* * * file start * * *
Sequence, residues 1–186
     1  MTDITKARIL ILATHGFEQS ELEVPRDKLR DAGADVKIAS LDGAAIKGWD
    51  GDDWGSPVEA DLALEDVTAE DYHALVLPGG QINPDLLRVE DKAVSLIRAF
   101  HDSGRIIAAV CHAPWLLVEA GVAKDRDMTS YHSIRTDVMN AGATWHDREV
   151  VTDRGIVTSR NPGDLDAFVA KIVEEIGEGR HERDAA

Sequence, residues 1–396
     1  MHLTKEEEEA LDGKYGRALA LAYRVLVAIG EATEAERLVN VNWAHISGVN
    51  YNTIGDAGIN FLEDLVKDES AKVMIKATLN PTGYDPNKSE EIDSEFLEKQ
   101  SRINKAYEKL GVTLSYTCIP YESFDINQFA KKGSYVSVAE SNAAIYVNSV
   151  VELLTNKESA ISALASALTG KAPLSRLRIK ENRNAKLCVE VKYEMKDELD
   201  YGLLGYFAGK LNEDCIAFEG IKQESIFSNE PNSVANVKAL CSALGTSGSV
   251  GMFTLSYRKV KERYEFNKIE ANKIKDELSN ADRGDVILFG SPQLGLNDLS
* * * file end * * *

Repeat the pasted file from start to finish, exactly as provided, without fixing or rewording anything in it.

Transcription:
Sequence, residues 1–186
     1  MTDITKARIL ILATHGFEQS ELEVPRDKLR DAGADVKIAS LDGAAIKGWD
    51  GDDWGSPVEA DLALEDVTAE DYHALVLPGG QINPDLLRVE DKAVSLIRAF
   101  HDSGRIIAAV CHAPWLLVEA GVAKDRDMTS YHSIRTDVMN AGATWHDREV
   151  VTDRGIVTSR NPGDLDAFVA KIVEEIGEGR HERDAA

Sequence, residues 1–396
     1  MHLTKEEEEA LDGKYGRALA LAYRVLVAIG EATEAERLVN VNWAHISGVN
    51  YNTIGDAGIN FLEDLVKDES AKVMIKATLN PTGYDPNKSE EIDSEFLEKQ
   101  SRINKAYEKL GVTLSYTCIP YESFDINQFA KKGSYVSVAE SNAAIYVNSV
   151  VELLTNKESA ISALASALTG KAPLSRLRIK ENRNAKLCVE VKYEMKDELD
   201  YGLLGYFAGK LNEDCIAFEG IKQESIFSNE PNSVANVKAL CSALGTSGSV
   251  GMFTLSYRKV KERYEFNKIE ANKIKDELSN ADRGDVILFG SPQLGLNDLS